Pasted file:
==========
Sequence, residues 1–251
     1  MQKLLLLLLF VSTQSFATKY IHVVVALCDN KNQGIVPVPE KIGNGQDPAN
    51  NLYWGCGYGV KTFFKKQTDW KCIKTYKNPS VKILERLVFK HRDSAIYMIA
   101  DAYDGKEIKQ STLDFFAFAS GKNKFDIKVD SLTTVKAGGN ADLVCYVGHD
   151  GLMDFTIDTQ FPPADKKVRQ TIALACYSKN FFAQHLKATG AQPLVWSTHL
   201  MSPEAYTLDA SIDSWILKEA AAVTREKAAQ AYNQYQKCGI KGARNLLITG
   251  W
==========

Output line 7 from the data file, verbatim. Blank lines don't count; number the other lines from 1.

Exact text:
   251  W